Just break it "peel the scab" right off but explain why. I am dealing with similar issues like that now. They are kicking and screaming all the way.
So my first task is... how do we make the various scrum meetings work for us?
I’d suggest the first task is to establish how well the “team” collaborates outside those meetings. Team members ought to collaborate throughout the working day. If issues are being exposed in events like the Daily Scrum, you may have evidence of a deeper dysfunction which should be addressed. Faking teamwork by shoehorning it into particular events may be tempting, but it will not prove rewarding.
Thank you for the feedback. To answer the questions:
We do seperate our Automated QA team members into a separate scrum. However, our manual testers attend the development scrum. This does result in about 22 people total on the call (including PO, SM, and occasional other stakeholders)
As for why, the usual reasons.. trying to use the scrum for status reporting, using the scrum for dissemination of information, general control issues... all things i'm changing.
The individual teams in locations collaborate well. They do not collaborate well across locations. The problem is that as we grow teams in other locations, we need to keep those team members in the informational loop a scrum creates. So, for example, a BE developer in the US should be aware of what the BE developers in Europe are doing, and a manual tester in india should know what other manual testers in Europe are doing. This is the problem i'm trying to address right now.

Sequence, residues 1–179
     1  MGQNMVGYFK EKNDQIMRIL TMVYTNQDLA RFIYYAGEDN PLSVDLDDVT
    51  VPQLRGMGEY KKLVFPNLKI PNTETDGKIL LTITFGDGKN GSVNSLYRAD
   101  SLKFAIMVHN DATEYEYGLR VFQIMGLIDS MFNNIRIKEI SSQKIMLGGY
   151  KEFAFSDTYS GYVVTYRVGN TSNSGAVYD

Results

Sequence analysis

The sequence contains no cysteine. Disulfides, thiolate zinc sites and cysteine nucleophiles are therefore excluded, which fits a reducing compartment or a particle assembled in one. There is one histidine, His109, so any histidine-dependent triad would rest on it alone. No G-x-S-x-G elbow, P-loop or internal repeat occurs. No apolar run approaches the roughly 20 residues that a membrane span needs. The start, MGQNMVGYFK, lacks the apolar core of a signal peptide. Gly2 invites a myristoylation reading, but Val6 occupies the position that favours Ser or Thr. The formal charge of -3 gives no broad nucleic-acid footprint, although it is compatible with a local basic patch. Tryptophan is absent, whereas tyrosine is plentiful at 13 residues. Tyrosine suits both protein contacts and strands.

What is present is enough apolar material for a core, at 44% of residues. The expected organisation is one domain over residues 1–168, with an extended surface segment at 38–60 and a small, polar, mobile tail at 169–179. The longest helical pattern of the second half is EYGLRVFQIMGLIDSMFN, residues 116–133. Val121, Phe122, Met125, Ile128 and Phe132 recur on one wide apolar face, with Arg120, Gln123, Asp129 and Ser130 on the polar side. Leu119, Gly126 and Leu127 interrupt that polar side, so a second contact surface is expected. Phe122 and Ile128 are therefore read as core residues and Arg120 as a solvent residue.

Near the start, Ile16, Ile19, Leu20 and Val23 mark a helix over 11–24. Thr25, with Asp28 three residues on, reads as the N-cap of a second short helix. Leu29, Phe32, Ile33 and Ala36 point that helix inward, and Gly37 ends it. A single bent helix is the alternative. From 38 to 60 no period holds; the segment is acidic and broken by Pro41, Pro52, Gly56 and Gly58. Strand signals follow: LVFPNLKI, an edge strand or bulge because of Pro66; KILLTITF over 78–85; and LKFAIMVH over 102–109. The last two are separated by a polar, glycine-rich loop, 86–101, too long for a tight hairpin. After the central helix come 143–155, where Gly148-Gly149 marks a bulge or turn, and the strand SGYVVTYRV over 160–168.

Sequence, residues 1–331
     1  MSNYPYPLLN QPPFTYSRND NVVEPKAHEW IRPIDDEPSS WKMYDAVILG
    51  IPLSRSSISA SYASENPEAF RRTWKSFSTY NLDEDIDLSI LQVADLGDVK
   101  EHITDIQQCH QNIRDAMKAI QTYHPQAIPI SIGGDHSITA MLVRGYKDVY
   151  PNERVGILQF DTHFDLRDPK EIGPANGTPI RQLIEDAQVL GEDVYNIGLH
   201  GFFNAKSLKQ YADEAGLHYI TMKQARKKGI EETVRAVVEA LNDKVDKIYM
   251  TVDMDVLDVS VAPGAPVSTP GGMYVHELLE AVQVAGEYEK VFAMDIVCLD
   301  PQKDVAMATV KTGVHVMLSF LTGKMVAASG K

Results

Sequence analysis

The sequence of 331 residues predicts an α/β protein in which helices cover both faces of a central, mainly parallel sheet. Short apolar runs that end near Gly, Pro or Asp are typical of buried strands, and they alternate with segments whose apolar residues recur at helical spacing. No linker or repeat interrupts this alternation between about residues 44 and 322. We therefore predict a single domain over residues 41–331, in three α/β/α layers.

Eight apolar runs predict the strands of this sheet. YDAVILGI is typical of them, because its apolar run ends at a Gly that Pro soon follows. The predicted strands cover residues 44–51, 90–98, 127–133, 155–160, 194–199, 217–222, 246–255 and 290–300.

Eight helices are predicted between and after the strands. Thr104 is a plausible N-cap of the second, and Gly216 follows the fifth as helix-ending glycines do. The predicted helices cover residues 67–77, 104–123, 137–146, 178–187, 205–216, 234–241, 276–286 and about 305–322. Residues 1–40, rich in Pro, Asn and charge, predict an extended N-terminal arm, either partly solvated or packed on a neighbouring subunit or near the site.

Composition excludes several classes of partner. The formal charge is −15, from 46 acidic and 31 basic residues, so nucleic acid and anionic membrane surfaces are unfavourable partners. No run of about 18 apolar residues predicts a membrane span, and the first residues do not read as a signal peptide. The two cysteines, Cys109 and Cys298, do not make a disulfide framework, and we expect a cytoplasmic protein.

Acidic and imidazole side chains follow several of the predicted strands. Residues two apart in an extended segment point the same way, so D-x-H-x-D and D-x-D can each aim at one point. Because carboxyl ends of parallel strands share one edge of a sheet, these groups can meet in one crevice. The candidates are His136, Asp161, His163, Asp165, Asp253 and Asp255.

Front end teams need to know what back end teams are doing, testers need to know what everyone is doing, and this is what has created the large headcount on the call. How do we keep everyone informed of everyone else's work if this creates too large of a scrum call?
Certainly, we could have FE and BE and Mobile devs all have different scrums, but that loses a lot of information in my view.
Of the 22 people on the call, 3 are BA's, 1 is SM, 1 is PO, 4 are manual testers. That leaves about 13 developers, which is large I know (9 being the max suggested). But I don't know how to reduce this as the team is very tightly integrated in their duties (they all work together on various parts of the code base). They're working on 2 different projects (a v2 and a legacy), some are devoted to v2, and only a small number work on legacy, but all of those legacy developers split their time with v2 as well.
Maybe you need to consult with your manager and see his opinion on how to split the team.